subtlety be most unpleasing to my soul, do I win through and smite upon's
        conscience else turn back in weariest disarray, for defense cometh most
        naturally unto him.

    [Fingolfin looks mortified at this public deconstruction of his rhetoric; his
    brother and sister-in-law appear both interested and embarrassed for him. To
    the living Vanya:]

        Thy lord, my cousin yet warm --aye, and dauntless -- doth far surpass all
        others in such disport.

Amarie: [coldly]
        That, I did mark well.

Ambassador: [to Elenwe]
        My lady, do you not find this -- unguarded openness, of our present state

        Nay; how so?

    [he is nonplused by her tone and expression of childlike seriousness, & doesn't
    know what to say; she continues:]

        'Tis but the way this world is, e'en as without the rains do fall betimes,
        nor more sensible to feel distress upon it, than at dew's damp, or droplets'
        splash -- dost such trouble one, had best make no journeying, lest find
        thyself unexpected wet.

Finrod: [rueful, to the Doriathrin Lord]
        My Vanyar kin have a rather -- different -- approach to life than even we
        Teler -- much simpler and far more direct. And much less concerned with
        appearances and public dignity than we Noldor. It can be -- disconcerting,
        even in life.

Ambassador: [looking thoughtfully at him in turn]
        Indeed, I think I have seen such truths as you speak before this time,
        displayed in Menegroth, your Majesty.

    [it is Finrod's turn to be slightly embarrassed]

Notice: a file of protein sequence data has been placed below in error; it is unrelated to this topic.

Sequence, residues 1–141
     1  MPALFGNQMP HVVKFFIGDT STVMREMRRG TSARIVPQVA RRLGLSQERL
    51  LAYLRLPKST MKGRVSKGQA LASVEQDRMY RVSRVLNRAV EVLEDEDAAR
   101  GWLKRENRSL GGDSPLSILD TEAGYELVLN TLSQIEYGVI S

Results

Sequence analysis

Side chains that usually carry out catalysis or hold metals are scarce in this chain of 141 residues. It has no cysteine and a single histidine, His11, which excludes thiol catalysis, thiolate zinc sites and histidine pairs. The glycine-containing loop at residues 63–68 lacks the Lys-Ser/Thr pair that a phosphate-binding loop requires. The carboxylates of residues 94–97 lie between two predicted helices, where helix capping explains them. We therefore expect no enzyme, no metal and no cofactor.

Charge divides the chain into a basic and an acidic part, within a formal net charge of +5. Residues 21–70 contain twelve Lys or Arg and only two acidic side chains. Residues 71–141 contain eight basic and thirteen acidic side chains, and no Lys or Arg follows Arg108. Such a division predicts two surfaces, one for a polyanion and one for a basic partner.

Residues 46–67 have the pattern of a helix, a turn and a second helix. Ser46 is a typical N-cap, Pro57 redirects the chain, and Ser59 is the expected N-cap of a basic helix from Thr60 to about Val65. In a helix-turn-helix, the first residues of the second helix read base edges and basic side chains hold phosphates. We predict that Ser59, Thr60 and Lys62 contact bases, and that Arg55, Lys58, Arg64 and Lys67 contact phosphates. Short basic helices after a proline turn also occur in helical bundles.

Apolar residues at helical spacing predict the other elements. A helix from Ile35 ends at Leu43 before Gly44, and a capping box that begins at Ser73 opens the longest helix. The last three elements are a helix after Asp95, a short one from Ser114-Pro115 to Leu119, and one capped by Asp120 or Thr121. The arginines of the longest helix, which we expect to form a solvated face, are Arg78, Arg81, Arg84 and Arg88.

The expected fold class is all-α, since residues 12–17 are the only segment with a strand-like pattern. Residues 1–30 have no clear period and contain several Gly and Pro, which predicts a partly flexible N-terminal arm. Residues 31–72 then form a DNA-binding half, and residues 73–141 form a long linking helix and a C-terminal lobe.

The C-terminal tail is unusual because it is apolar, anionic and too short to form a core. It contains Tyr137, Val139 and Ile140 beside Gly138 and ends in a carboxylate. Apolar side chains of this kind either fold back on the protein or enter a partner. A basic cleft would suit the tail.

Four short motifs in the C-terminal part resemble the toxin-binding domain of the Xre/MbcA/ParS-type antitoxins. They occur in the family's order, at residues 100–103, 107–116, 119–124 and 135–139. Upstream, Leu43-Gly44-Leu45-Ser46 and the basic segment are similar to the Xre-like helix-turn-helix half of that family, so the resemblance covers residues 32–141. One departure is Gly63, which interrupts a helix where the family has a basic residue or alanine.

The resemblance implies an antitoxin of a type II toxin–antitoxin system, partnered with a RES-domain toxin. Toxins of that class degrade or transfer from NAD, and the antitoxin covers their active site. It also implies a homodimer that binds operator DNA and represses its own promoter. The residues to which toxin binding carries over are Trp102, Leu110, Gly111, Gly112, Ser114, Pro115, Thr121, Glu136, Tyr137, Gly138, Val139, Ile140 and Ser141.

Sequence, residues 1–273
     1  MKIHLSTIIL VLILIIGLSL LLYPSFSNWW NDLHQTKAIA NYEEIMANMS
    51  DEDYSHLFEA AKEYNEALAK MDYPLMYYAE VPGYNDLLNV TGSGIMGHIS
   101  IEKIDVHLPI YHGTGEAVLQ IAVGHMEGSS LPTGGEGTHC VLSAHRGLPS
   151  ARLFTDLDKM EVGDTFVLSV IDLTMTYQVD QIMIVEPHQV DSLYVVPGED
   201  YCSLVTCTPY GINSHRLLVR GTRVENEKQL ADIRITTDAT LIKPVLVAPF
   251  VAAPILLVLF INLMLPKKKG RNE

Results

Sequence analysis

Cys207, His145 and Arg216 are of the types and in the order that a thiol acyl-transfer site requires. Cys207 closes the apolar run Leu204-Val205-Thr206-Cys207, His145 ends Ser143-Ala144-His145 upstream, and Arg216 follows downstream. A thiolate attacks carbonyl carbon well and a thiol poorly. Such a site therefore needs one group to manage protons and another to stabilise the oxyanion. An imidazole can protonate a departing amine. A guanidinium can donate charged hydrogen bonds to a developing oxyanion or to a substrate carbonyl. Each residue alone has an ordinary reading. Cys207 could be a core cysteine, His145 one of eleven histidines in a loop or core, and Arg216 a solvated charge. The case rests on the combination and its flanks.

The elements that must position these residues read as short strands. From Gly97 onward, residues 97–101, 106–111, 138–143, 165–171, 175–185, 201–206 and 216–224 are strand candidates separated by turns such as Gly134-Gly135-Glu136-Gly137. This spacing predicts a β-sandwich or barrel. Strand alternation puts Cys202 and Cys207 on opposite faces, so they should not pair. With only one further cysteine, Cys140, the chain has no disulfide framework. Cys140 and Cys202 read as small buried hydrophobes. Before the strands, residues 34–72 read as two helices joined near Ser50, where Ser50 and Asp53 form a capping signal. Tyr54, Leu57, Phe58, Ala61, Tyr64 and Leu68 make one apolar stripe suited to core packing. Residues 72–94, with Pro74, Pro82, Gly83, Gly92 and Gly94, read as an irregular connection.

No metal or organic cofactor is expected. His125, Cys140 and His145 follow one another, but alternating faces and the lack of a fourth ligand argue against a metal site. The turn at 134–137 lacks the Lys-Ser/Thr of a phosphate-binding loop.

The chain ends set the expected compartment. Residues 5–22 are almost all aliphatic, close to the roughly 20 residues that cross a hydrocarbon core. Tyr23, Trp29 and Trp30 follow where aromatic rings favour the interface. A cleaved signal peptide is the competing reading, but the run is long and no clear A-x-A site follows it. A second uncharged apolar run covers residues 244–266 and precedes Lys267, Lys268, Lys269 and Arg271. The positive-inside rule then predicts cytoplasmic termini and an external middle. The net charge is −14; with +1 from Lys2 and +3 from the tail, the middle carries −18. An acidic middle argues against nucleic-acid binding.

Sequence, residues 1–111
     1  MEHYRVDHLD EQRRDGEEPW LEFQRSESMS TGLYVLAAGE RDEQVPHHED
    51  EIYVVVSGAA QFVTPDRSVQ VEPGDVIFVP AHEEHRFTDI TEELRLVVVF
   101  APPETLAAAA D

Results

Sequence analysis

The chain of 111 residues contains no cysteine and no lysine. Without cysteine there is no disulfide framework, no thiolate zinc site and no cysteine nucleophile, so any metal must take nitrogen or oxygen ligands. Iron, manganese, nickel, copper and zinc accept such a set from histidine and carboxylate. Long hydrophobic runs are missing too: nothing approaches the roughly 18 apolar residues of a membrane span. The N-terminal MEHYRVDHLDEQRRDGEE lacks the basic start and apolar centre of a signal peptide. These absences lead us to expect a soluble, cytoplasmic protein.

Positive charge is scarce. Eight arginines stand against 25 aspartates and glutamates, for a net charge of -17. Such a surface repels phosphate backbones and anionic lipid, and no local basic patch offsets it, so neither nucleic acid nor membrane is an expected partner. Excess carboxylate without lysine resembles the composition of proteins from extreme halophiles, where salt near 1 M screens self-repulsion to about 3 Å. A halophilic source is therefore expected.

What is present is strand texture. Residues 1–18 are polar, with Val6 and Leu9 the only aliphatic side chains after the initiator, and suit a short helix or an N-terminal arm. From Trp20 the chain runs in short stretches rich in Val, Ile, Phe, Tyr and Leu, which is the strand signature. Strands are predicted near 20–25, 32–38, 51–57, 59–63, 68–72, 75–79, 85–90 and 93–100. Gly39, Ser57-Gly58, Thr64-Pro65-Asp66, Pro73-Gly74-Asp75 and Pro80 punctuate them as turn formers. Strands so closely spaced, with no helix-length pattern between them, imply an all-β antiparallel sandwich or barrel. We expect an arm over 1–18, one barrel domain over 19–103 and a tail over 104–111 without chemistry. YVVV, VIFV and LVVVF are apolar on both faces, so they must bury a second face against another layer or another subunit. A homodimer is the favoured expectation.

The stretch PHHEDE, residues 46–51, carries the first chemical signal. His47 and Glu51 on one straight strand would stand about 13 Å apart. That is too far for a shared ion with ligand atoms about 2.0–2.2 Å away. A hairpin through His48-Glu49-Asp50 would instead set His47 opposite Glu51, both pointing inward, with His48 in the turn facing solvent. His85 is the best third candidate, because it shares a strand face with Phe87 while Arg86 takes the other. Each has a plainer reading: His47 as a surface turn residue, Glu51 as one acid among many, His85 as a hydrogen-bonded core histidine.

Elenwe: [musing]
        Though in truth I ne'er did think to see yon solid floor of many fathoms
        riven o'er wave as 'twere but crumbled bread into wine.

    [Fingolfin winces]

        Daughter, daughter, have mercy -- I rue thy losses, and I obey thy
        bidding now.

Nerdanel: [wryly]
        Thou dost not so ill at it thyself, good my niece.

    [the Vanyar shade only shrugs]

        Long dwelt I amongst thy folk in Tirion to learn't.

Teler Maid
        This Telumnar, he is a great fool, I dare to say? For I cannot place him
        in memory.

Steward: [bleak]
        Much worse than that. He is one that will never admit he has erred, in
        any wise. He but changes the matter of his speech, when 'tis shown to him.

Apprentice: [aside]
        Another one! I do hope my Master has judged me complete of patience before
        he comes along.

    [this gets him some rather askance Looks from the presently-dead]

First Guard: [to the Captain]
        I still can't believe the Prince gave him your job.

    [the senior officer only shakes his head, looking bemused and dismayed at the idea]

Luthien: [correcting]
        Not being in charge of your spies -- that went to Gwin, I'm pretty sure.
        He and Orodreth were closeted a lot, and there were other hints--

    [breaking off]

        What? Did I say something wrong?

    [Finrod and his chief lords are exchanging looks of rueful humour]

        I ought to ask how you knew about that, Lady Luthien -- but I'm rather
        afraid of the answer. It's going to be more mystical demigod perception,
        isn't it--

    [she is shaking her head]

        I heard about it from Dad--

    [he looks relieved at her words]

        --after Mom told him.

        Ah. Right.

        But I honestly don't know if she figured it out from watching all you
        interact, or if she just knew. We were all just used to her knowing
        everything. It came up once when Galadriel was pushing Mom a bit about